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South changes safety policy in the wake of Parkland

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South changes safety policy in the wake of Parkland

A BHSS security guard overlooks one of two possible entrances into the school.

A BHSS security guard overlooks one of two possible entrances into the school.

Calvin Prenkert

A BHSS security guard overlooks one of two possible entrances into the school.

Calvin Prenkert

Calvin Prenkert

A BHSS security guard overlooks one of two possible entrances into the school.

Joseph Ermey and Calvin Prenkert

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On Monday, Feb. 26, South implemented new security measures to mitigate the amount of people coming in and out of the building. The new rules come in the wake of the Parkland shooting, where an armed gunman entered a Florida high school unnoticed and took the lives of 17 students and faculty.

South will now open its doors for arrival at 7:15 a.m. and will lock all but the front atrium door and the east B-Wing door at 8 a.m. Faculty members will be stationed by these doors with a radio to ensure students arrive in the school safely. Security guards have been repositioned to accommodate the relocated entryway and additional guards monitor the other 30+ doors in the school. This is all in addition to existing cameras inside and outside of the school, all of which are accessible to security.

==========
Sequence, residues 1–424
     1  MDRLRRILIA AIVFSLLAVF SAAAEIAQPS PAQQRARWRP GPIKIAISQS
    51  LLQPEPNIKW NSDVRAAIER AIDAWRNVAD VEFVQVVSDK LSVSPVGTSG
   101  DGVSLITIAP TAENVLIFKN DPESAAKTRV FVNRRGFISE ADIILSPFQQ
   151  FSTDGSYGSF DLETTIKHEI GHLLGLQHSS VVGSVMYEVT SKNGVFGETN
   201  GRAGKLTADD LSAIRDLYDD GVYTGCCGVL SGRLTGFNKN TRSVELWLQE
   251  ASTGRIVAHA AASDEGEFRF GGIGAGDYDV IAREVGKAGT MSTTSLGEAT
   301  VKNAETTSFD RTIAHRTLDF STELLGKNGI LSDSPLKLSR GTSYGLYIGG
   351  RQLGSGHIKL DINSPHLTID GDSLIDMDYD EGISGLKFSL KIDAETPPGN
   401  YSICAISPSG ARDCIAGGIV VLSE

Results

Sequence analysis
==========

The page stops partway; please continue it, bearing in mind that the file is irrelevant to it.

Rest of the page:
“People get on their cell phone, call their buddies and say, ‘hey can you let me in’ and we’re trying to put a stop to that. We’re focusing diligently on keeping doors locked,” Jay True, South’s assistant principal, said.

The new protocols are designed to give security a leg up on knowing who is in the school. While they may not be huge changes to the school’s safety procedure, they aren’t the only way South keeps students protected. True urged students to contact their counselors if they identify potentially dangerous students. Counselors will always contact the student in question after they are reported and if further action needs to be taken, parents and authorities are informed.  

Cameras, guards, counselors, and now locked doors all work in tandem to keep the school safer. Although there is no measure that can ensure full safety against an intruder, True and the rest of the administration believe that by making these changes, they will keep students as safe as possible. Where safety is concerned, “We don’t brush it off,” True said.

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Calvin Prenkert, Editor

Calvin is very happy to be returning to the Optimist staff this school year. When he is not pursuing journalistic endeavors, he enjoys playing tennis,...

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South changes safety policy in the wake of Parkland